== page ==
As creative people, we know that presentation means everything. Yet when it comes to presenting our own work, we tend to sell ourselves short.
Case studies are our chance to put our work in its best light. But too often, we drop a half a dozen images on the page and call it done. So while we've talked a lot about writing portfolio case studies, now we're diving into how to present the work visually.
For this tutorial, we'll be using Semplice to lay out a visual project case study and show just how easy it is to present our work – rather than leaving our visitors to form their own conclusions.
First, it's helpful to view case studies of other designers you admire to see how they explain their projects. Observe how they visually walk you through their project story, what elements or devices they use, how their projects flow, what makes you want to keep reading, where you find yourself losing interest.
You'll ultimately do things your own way, of course, but seeing what works and what doesn't will guide that, and motivate you. Here are a few case studies we've enjoyed lately from our Semplice Showcase, for example (click image to view case study):
What we'll be making
Now let's start creating our case study page. I'll be making mine using my own work, for a fictional design studio.
I've made a demo using Semplice, our own portfolio tool. Semplice is centered around creating custom case studies for your unique projects, so you can design everything from your nav to your footer to complement each unique project.
To begin, let's head on over to the Projects area to create our first project. Projects in Semplice serve as your case studies. They automatically connect with the Portfolio Grid module, so you can display them on your homepage or Work page.
Creating the Cover
Now that we've set up our Project, let's add a Cover section. In Semplice, Cover sections are like hero sections, and are typically used with large headlines or full-width imagery for maximum visual impact.
For our purposes, we will use a nice, large image to introduce the page and set the stage. Go to the Cover tab from up top, and from the pop-up editor select "Cover (full-width)" from the dropdown.
Creating the introduction section
This section will serve to introduce the project and include necessary details like year of completion and credits.
First, let's add a text module with some larger text to serve as the project overview. Just add a simple sentence or two to briefly summarize the project. We will go in further detail below.
Next, let's add some of the smaller details such as credits. You can place Text modules stacked in rows to create both the subheadings and text lists for these areas. Once we have our text styled the way we want it, we can duplicate the column to quickly recreate our layout. If needed, we can also use spacer columns to offset the columns and create white space.
Now, below our overview, we'll go more in-depth about the project and explain our involvement. A simple text module and image module side-by-side will do the trick. If you need tips for writing the copy in your case study, read this article.
Adding detail images
Next, let's create a section where we can add images that support our case study. Think of your case study like a spread in a magazine, and put images alongside relevant copy, to make the reading experience highly visual and easy to scan.
For this section, I'll make some of the images "bleed" to the edge of the screen. This will add break up the visual flow of the page nicely. To do this, go to the section options and set the gutters to "off."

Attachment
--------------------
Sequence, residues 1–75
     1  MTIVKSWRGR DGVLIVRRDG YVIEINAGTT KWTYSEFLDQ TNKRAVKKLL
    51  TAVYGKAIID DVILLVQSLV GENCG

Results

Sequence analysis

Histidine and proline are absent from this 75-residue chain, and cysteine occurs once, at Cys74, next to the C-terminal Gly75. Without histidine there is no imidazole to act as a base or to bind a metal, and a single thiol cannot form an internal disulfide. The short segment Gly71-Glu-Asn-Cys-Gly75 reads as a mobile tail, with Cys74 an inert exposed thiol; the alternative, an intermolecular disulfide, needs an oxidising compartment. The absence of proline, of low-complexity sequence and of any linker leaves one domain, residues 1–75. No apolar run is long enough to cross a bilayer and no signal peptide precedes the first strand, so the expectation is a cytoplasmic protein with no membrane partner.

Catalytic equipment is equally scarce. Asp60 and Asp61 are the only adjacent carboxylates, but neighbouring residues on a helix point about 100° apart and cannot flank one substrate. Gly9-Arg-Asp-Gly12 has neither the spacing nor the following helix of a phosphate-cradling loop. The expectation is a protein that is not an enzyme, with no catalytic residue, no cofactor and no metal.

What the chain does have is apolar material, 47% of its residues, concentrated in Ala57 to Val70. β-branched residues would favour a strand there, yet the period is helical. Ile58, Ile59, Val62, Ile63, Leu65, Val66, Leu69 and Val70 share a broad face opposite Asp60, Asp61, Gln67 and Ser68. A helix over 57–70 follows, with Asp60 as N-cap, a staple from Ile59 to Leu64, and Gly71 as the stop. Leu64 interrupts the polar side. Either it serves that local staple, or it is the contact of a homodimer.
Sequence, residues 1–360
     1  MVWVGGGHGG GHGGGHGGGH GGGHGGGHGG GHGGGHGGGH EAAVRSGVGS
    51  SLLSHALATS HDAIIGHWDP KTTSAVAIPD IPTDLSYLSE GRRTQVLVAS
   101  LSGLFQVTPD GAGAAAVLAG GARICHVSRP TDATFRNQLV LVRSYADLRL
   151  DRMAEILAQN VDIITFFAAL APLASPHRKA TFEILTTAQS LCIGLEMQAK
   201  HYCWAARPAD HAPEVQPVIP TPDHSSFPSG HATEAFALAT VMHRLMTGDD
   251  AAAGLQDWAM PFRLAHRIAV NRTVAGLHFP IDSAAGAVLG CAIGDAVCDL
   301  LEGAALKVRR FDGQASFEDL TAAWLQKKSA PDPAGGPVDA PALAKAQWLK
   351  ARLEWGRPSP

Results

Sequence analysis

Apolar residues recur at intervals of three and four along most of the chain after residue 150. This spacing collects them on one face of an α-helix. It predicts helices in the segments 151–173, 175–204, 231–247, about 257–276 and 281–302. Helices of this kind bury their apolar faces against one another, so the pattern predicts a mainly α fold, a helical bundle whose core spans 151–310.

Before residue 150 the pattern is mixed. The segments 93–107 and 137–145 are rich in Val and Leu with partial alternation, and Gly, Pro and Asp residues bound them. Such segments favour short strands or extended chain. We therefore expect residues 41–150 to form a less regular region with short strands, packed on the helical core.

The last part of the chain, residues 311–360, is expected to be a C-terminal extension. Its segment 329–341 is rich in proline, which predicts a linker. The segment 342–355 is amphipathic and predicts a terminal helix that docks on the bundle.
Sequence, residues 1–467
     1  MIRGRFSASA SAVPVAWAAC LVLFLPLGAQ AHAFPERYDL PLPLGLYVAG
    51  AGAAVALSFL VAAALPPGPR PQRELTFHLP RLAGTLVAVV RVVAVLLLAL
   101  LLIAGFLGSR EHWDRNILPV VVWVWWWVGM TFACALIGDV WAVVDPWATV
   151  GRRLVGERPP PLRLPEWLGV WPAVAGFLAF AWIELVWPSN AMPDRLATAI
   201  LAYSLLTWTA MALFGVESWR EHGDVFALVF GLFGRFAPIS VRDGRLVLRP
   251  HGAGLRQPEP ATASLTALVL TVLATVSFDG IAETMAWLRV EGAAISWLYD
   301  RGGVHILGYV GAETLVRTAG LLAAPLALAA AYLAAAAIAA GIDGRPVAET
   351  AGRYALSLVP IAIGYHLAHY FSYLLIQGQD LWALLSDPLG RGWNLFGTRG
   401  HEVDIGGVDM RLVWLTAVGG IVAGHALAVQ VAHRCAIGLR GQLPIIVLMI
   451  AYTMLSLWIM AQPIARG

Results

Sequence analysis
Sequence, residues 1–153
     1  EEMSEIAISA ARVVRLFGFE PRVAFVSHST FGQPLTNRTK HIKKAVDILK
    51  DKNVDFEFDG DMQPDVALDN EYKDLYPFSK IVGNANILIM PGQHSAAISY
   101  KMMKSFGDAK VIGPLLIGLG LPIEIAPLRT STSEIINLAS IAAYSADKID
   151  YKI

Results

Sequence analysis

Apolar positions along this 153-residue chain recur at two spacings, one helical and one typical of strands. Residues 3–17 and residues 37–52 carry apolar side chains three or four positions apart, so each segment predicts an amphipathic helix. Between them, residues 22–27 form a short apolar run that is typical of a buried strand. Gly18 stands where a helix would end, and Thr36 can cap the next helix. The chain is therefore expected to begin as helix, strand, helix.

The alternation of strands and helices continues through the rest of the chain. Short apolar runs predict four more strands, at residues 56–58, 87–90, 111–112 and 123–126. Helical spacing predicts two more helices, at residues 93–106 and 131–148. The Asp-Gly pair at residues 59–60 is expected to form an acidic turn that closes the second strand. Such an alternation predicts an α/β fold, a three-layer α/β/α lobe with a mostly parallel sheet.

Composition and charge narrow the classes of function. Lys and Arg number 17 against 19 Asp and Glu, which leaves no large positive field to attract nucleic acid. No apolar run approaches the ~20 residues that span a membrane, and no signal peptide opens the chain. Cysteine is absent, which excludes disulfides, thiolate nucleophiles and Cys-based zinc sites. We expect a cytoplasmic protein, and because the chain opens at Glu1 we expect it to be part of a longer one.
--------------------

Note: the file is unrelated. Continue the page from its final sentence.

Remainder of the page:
Setting our section to be full-width with no gutters.
I will also use spacer columns once again to offset the image columns and create some interesting variations in the layout.
Adding a spacer column to create white space
I've also placed text modules beneath each image for a caption, so we can give context to each image and allow those who want to scan (let's be honest, most readers) to understand our project story at a glance.
Adding a full-width image section
Now we'll add some full-width images to break up our page between paragraphs. For our full-width image section, simply place an image module on the page. In the image options, set the image size to "grid width" and in the section options, set the width to "full-width" with gutters removed.
Now for the fun part. To visually explain our process and help readers appreciate the work that went into our project, we'll use the Before/After module to display our final result. In this case, we will show a behind-the-scenes view of our prototype in the 3D rendering program, sliding to reveal the final outcome. You can do the same with a UX prototype next to your final screen design, for example.
Adding image galleries
If you have lots of images for your project, or a collection of similar images, you can also add image galleries to your page.
Let's place some offset galleries onto the page. We will also use this section to talk about the final results of our project and how it was successful.
To wrap up the case study, we'll give a little shoutout to our team.
We'll also make sure the Next/Previous feature is enabled. This is a feature in Semplice that allows viewers to quickly jump between projects at the bottom of a case study to continue browsing.
We created everything here with the Studio edition of Semplice, which gives you all the latest Semplice features. No matter what tool you use to create your case study, we hope this tutorial inspired you to create thoughtful, unique case studies to tell your project stories. We can't wait to see what you make!
Jon is a freelance designer, illustrator and Arnold Schwarzenegger fanboy based in Nashville. He also makes a mean hot sauce.